ABOUT THE POET
Katerina Canyon was born and raised in Los Angeles, California. She is a 2020 and 2019 Pushcart Prize nominee. She served as the second Sunland-Tujunga California Poet Laureate from 2001 to 2004. Her work has been published in publications such as Meniscus, New York Times, and Huffington Post United States and Germany. She has been a featured poet in multiple venues across the country, including Beyond Baroque, Nuyorican, The Bowery Poetry Club and Chance Operations. She teaches poetry workshops to children and at universities. Her latest book, Surviving Home, was a Heartland Review finalist. She currently lives in Seattle, Washington, where she can often be found writing poetry near Pier 55.
Link to book: https://www.poetickat.com/
ABOUT HER POETRY
“Katerina Canyon’s poems offer intimate accounts of home as the locus of danger—and homeland as a state of oppression. They are at once urgent and mysterious, full of ocean depths and surging currents. Far from nostalgia, home inspires in this poet a vigilance, keeping watch on herself and others. Her very language is charged with the alert intelligence that offers a means of survival, and metaphors that transform pain into poetry.”
~ Devin Johnston, author of Mosses and Lichens
Katerina Canyon’s poems dive into history unafraid to explore the complexity of home and family and acknowledge: the sea is filled with bones. This powerful, engaging collection where we see the billowing skirt of sunset asks again and again: How do get past our pasts? Smart, poignant, compassionate, Canyon’s poems remind us that strength happens despite one’s childhood and one’s country; they exclaim, We can choose whether we are stuck / In darkness or in light.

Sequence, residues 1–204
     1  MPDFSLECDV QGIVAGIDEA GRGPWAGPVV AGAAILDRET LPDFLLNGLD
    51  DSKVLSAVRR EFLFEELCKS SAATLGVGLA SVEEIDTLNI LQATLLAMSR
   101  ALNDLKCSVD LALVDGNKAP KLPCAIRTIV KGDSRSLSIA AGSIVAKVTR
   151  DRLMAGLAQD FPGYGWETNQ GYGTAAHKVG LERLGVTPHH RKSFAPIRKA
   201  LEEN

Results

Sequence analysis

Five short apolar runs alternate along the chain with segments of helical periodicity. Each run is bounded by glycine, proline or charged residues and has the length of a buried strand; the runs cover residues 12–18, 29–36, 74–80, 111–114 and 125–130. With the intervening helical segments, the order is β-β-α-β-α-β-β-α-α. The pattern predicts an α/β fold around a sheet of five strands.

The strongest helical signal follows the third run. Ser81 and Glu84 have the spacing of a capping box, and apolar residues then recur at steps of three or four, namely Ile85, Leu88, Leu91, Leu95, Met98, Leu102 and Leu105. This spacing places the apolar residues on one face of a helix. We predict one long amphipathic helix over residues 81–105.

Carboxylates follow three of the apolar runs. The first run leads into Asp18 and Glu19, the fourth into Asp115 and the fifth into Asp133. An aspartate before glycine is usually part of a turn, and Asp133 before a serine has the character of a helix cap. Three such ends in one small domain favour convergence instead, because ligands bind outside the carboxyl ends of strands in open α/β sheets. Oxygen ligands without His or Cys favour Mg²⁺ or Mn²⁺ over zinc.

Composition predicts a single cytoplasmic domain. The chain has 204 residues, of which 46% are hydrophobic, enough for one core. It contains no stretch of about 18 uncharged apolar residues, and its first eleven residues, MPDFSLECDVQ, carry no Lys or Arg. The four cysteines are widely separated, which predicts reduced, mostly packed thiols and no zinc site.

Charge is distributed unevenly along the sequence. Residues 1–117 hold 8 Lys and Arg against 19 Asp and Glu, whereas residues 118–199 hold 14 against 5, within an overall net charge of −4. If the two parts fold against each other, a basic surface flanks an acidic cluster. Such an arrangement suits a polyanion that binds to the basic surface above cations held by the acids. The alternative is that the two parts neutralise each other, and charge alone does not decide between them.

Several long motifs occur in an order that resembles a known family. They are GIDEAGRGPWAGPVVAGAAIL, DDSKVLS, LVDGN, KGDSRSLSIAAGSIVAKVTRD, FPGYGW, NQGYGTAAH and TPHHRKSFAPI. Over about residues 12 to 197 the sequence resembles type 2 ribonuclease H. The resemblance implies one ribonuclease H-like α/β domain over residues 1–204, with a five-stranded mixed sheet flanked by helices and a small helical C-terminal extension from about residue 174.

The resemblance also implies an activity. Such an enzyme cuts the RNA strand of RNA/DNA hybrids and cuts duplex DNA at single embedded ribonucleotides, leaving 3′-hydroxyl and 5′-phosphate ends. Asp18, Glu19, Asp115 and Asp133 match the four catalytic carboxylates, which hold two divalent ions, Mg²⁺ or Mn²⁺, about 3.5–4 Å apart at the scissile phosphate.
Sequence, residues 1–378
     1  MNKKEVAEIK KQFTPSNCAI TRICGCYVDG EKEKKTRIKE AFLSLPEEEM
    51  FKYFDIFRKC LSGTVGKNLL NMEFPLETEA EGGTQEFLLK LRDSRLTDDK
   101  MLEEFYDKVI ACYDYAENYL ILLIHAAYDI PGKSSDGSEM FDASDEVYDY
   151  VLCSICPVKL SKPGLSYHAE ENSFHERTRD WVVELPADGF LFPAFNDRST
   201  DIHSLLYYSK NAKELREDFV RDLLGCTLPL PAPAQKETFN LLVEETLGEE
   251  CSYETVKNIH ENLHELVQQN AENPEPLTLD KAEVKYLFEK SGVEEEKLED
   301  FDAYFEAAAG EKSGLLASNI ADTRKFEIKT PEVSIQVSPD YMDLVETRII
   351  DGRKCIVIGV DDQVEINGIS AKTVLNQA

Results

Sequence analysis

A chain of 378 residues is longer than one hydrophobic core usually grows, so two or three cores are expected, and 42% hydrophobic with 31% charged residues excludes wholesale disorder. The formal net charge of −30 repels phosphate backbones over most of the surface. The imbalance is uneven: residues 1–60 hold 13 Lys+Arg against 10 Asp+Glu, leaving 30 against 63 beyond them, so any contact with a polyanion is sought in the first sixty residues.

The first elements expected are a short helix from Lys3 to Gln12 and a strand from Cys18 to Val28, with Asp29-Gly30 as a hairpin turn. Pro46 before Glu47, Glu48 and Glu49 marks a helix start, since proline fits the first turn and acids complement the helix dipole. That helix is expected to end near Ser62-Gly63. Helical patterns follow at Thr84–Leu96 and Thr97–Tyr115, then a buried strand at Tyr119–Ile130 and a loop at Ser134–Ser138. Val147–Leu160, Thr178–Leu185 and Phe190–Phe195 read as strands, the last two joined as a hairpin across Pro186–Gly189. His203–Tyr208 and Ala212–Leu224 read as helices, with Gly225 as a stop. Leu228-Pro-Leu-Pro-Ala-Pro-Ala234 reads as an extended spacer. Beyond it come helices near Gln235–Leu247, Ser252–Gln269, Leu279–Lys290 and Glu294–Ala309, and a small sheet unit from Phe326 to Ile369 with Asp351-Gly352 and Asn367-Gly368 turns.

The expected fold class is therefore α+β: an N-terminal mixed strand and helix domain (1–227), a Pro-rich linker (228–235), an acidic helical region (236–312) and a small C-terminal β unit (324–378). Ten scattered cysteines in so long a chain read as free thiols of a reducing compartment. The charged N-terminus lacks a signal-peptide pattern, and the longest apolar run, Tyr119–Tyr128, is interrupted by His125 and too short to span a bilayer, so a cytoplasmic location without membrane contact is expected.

~ Kelli Russell Agodon, author of Dialogues with Rising Tides
In lush language and startling images, Katerina Canyon unveils a story “in blood and bone” of a speaker who survives domestic cycles of addiction and abuse, terrors “handed down from the plantation” through generations of her kin… Like the Phoenix, the speaker dares to draw near destruction to name our violent histories in order to claim a survivor’s eternal understanding of how to love, how to mother, and how to teach the world that “We cannot be bound. We are free. We are infinite.”
~ Katy Didden, author of The Glacier's Wake
She cries at the stereo as if
it could take her to heaven on the
notes of Z.Z. Hill’s Down Home
Blues, every other record or two.
Uncle L. Joe, that no good
son of a bitch held her heart in a vice.
Then he died, relegating him to the
beloved angel he never was, fleeing into
mangled clouds, on shredded wings, made of
brambles, as if Texas soil were fertile. Hill’s
throat pulls notes — his voice trickling crude into
Aunt May’s Los Angeles living room.
Z.Z. Hill is redemption coated in Texas blood.
L. and Z.Z. are one. Their crooning calls
to her before the song ends, and she restarts.
Their voices harmonize mercurial,
chaotic as oil gushers
spilling into the fields of Canaan. In
The Promised Land, there are no negro
spirituals, no blues
no white man’s hand smiting the black man’s face,
but there is always a burden for the black woman.
She knows this song well, and she plays it again.
Down Home Blues
Down Home Blues
Every other record or two
(c) by Katerina Canyon